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Fig. 6.53 Example fault-plane mesh (circa 5 km long
and 100 m high) showing hanging-wall to footwall
grid connections with estimated fault transmissibility
multipliers: hot colours representing higher transmissibility
at fault margins ( left )and cold colours representing lower
transmissibility closer to the centre of the fault ( right )
(Statoil image archive,
Statoil ASA, reproduced with
This example illustrates, once again, the
importance of the conceptual geological model
as a foundation for reservoir modelling. In this
case, failure of the initial conceptual model to
include the effects of low-density fracture
systems was the source of the failure to match
the dynamic field data. The change in the
geological interpretation was prompted by an
accumulation of production data which was
inconsistent with other interpretations. Once
sense-checked against core data, outcrop data
and structural geological theory, a new model
emerged, which was not only geologically plau-
sible but also led to significantly improved inter-
pretation of rather complex subsurface flow
behaviour. This case also highlights the impor-
tance of understanding faults as heterogeneous
3D zones, rather than 2D planes of offset.
Although it is critical to maintain alternative
reservoir concepts through the life cycle of a reser-
voir development, there is often a reluctance to
expend the additional effort required to build alter-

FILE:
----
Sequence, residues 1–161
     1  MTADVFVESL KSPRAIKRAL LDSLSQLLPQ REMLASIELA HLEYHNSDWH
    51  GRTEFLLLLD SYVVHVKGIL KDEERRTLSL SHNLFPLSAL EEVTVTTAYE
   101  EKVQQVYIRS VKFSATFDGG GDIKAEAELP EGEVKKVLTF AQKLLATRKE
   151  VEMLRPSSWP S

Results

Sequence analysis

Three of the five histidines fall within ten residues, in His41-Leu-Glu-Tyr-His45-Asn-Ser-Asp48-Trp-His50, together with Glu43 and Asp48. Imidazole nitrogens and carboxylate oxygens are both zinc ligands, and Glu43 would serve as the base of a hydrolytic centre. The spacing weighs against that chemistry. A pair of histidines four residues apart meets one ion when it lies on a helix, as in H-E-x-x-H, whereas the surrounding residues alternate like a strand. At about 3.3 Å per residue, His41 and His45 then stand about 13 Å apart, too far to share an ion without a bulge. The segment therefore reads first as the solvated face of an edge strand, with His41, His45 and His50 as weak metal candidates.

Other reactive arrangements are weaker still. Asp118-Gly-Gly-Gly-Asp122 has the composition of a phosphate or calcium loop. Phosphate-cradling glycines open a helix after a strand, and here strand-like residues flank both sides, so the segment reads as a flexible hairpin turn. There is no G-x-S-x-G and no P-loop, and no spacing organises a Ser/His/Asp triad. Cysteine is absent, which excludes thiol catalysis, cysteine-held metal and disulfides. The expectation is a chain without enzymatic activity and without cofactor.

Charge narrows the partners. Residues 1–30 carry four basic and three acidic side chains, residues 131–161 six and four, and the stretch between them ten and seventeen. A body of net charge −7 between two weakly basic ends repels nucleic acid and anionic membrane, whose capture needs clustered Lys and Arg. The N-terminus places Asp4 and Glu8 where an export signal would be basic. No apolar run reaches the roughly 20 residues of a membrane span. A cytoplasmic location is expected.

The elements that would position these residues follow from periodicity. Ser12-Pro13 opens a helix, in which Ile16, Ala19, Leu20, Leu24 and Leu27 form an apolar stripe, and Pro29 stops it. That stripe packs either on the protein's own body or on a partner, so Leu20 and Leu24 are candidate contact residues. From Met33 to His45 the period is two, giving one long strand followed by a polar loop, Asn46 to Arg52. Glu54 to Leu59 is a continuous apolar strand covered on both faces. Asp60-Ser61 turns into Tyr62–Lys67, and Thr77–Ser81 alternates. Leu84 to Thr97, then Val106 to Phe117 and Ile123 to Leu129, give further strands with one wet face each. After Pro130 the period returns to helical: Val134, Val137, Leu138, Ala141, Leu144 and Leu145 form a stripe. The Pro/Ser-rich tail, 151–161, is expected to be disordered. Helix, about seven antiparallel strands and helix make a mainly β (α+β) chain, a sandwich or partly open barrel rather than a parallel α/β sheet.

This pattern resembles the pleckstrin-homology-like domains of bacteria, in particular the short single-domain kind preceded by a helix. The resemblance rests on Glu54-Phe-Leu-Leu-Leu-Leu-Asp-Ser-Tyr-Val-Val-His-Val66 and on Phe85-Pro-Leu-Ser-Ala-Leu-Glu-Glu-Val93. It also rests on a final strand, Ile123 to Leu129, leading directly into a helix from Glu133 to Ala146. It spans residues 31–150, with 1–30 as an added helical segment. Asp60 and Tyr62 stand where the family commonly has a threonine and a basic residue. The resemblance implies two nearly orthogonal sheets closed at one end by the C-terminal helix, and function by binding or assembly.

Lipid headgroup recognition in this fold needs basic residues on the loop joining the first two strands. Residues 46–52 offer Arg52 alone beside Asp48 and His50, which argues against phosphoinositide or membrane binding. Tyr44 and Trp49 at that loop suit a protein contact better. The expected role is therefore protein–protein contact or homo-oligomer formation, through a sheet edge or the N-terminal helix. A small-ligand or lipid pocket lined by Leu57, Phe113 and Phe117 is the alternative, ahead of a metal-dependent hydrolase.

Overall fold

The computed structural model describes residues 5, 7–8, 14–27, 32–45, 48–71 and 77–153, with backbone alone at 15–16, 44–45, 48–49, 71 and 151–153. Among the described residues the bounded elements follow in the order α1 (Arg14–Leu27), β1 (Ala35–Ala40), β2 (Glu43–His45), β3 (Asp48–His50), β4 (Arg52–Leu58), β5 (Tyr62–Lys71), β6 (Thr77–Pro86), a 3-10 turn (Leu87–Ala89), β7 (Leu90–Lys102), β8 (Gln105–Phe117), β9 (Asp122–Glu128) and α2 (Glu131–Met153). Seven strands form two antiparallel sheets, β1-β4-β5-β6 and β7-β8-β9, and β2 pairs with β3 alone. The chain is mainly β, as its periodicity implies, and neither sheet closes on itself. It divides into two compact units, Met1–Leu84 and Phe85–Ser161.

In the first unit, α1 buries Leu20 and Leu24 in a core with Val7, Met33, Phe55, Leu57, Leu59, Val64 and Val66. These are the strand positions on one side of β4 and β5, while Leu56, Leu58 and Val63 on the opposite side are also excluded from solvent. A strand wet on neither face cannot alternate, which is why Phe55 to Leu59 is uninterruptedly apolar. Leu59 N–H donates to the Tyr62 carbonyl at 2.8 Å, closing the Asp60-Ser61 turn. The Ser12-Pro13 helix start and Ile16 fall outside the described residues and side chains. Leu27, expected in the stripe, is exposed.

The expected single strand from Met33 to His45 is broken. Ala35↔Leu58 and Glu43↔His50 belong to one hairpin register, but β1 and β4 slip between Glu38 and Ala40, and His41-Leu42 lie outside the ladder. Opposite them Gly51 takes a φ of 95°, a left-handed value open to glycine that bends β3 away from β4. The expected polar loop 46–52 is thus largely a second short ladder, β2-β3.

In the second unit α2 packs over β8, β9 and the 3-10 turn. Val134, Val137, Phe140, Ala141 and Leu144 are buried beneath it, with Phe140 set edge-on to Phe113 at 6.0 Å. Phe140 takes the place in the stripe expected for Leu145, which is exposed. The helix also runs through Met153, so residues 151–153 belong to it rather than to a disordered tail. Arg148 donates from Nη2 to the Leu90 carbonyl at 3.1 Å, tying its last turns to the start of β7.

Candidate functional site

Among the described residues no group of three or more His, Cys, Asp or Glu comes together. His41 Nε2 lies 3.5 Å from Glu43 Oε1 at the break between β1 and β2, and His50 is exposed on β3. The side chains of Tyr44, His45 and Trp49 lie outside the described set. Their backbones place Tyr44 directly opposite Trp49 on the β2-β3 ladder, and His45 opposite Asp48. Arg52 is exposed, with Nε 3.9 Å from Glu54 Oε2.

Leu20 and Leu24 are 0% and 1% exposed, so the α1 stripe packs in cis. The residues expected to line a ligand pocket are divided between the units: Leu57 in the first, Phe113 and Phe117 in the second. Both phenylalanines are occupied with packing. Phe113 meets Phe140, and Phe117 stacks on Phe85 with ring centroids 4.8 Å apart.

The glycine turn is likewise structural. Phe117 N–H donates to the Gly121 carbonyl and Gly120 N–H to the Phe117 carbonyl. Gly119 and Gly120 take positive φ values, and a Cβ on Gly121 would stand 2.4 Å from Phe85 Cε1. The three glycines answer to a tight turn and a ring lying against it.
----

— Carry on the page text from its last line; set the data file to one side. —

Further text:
native structural models. This is unwise, especially
as fault uncertainties are always significant - they
are never perfectly imaged on seismic data
and their fractal nature means sub-seismic fault
populations will always exist. The question is
how important are the effects of faults compared
with other factors? These uncertainties are best
handled by establishing fault-model workflows
(e.g. Fig. 6.53 ) and testing alternative models
within the uncertainty span. If deemed significant,
fault-related uncertainties should be evaluated
either using a relatively simple sensitivity analysis
(e.g. Brandsæter et al. 2001b ), a practical
modelling work-around such as the Douglas
Field case (Bentley and Elliott 2008 ), or using
an integrated experimental design scheme for
assessing the impact of different factors on reser-
voir performance metrics (e.g. Lescoffit and
Townsend 2005 ; Manzocchi et al. 2008a ). Fault-Related Uncertainties
The Douglas Field Example highlights the limi-
tation of becoming locked into a best-guess or
base-scale conceptual geological model.
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